Johnson and Johnson’s Vision Care unit has received FDA approval for its Acuvue Theravision with Ketotifen, a drug-eluting contact lens that could eliminate the need for eyedrops for contact lens wearers suffering from allergic eye itch. This approval comes almost a year after the lens was approved for use by the Japanese Ministry of Health.

In an interview with MD+DI, Brian Pall, Director of Clinical Science at Johnson & Johnson Vision Care, expressed the high demand for the product. He explained that the popularity of the drug-eluting lens stems from its intuitive and logical design. Currently, 40% of contact lens wearers experience itchy-allergy-eyes, and about 80% of them express frustration. Pall emphasized that this condition significantly impacts their quality of life and limits their ability to do the things they want to do.

Each lens contains 19 mcg of ketotifen, a well-established antihistamine. The vision care unit collaborated with J&J’s Janssen for the antihistamine component. Pall highlighted the strong collaboration between J&J Vision Care, Janssen, and other strategic partners, emphasizing that such breakthroughs require a collective effort.

The FDA approval follows positive Phase 3 clinical studies published in the journal Cornea. These studies demonstrated a significant reduction in itchy allergy eyes as quickly as three minutes after lens insertion, with effects lasting up to 12 hours. However, the lens can be worn for longer periods for vision correction.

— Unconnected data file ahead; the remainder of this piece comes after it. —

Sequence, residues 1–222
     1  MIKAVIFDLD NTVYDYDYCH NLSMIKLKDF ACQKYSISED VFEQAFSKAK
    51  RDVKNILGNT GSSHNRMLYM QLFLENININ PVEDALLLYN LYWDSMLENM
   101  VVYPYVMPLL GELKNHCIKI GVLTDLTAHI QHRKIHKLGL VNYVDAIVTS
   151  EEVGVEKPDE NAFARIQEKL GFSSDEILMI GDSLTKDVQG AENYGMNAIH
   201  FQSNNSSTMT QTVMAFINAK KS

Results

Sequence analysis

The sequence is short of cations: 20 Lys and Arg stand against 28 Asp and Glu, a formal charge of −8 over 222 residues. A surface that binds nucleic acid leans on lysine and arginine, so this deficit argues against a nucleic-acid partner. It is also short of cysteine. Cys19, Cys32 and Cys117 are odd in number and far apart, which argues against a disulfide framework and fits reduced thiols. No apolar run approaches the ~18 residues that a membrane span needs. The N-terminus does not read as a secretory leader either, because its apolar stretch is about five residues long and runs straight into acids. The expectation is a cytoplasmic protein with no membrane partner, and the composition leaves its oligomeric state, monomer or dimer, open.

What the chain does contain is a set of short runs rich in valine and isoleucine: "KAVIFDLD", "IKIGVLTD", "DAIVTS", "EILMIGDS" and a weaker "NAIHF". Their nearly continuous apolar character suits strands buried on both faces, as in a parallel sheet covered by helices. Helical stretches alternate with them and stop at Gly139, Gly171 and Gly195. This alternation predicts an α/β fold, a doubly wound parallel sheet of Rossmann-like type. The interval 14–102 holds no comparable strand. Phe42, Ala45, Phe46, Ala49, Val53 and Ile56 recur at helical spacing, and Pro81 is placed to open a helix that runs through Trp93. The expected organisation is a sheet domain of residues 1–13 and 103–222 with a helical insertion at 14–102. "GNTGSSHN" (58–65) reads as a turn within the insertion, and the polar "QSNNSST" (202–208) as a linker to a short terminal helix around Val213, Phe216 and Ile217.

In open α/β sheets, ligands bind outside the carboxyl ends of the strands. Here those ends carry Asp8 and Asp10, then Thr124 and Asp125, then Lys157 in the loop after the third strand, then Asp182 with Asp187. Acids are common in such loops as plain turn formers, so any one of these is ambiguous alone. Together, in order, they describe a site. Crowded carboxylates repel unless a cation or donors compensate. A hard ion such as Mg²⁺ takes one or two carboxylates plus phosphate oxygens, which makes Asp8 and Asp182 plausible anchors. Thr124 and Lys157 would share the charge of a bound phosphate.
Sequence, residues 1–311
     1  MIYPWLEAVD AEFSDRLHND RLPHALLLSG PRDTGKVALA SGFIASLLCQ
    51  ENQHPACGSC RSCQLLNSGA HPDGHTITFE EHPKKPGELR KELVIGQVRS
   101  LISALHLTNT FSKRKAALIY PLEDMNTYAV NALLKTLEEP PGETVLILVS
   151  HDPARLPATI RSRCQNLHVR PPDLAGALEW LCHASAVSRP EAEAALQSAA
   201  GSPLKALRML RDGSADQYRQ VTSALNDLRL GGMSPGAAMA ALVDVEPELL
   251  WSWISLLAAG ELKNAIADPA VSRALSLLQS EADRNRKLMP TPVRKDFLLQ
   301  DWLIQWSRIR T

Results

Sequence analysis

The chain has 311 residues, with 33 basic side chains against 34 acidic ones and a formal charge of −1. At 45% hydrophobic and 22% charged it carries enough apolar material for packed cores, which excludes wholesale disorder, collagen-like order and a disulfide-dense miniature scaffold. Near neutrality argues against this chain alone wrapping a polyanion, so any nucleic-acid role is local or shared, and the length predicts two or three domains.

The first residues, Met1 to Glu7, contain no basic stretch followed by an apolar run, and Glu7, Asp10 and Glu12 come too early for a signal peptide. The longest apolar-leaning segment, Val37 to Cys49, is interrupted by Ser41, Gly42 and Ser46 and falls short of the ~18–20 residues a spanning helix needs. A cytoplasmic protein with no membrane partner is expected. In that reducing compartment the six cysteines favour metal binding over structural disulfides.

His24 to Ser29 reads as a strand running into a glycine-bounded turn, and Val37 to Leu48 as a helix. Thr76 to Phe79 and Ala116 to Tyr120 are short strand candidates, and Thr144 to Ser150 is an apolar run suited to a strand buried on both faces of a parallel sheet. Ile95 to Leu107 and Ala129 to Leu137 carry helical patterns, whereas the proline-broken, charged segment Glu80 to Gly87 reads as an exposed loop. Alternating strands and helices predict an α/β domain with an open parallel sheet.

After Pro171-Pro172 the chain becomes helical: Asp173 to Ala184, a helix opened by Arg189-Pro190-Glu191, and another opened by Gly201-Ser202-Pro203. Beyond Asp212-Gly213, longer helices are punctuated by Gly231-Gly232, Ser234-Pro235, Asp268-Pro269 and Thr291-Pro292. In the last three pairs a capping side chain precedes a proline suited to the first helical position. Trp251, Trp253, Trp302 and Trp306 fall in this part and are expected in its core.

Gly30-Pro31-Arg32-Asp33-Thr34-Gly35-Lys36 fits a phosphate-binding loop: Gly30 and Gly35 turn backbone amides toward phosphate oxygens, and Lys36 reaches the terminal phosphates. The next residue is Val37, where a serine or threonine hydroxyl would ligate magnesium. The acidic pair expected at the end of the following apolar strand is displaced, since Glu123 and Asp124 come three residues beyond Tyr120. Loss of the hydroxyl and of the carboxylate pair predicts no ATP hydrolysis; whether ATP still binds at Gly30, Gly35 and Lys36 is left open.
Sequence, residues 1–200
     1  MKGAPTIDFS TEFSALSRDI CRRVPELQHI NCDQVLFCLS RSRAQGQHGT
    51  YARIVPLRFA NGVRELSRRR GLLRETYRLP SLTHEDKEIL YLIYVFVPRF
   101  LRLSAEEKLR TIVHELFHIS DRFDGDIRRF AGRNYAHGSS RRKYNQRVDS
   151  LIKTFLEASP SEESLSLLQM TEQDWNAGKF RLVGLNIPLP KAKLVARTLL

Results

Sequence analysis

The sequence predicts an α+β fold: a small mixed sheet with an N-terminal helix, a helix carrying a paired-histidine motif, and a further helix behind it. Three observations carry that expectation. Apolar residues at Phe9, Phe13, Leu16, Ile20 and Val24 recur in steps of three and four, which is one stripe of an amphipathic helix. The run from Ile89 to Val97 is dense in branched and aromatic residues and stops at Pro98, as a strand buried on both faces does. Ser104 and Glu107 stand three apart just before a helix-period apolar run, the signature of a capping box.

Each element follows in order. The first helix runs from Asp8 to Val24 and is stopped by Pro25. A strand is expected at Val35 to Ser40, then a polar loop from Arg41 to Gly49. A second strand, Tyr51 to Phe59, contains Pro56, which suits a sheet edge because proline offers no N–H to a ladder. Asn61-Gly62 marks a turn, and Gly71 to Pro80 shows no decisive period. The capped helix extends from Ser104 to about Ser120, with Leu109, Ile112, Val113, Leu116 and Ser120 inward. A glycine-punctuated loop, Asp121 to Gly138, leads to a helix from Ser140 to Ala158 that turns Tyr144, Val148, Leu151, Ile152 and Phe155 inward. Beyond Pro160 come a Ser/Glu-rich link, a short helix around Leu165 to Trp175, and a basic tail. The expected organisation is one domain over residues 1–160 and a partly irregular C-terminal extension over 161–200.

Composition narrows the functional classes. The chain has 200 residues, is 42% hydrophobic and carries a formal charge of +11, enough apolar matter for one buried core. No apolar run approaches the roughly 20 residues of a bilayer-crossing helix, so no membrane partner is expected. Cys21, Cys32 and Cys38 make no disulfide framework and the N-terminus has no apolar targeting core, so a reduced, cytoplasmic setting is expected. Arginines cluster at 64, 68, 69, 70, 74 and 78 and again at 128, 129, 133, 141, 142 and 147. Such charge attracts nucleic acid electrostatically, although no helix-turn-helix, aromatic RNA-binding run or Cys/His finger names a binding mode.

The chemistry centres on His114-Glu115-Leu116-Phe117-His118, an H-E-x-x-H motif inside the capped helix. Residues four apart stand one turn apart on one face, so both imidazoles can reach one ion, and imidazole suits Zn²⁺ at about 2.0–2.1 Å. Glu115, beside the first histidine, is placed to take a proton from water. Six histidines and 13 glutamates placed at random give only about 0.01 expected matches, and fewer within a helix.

Developing medication-releasing contact lenses has been a challenge for companies over the past 60 years, with many unsuccessful attempts. Pall discussed the difficulties involved in incorporating medication into the lens material and ensuring compatibility and elution. Despite not referring to a specific project, he expressed excitement about the potential of contact lenses to enhance and restore people’s vision in the future.

Overall, Johnson and Johnson’s FDA approval for its drug-eluting contact lens offers hope for contact lens wearers suffering from allergic eye itch, providing a convenient alternative to traditional eyedrops.

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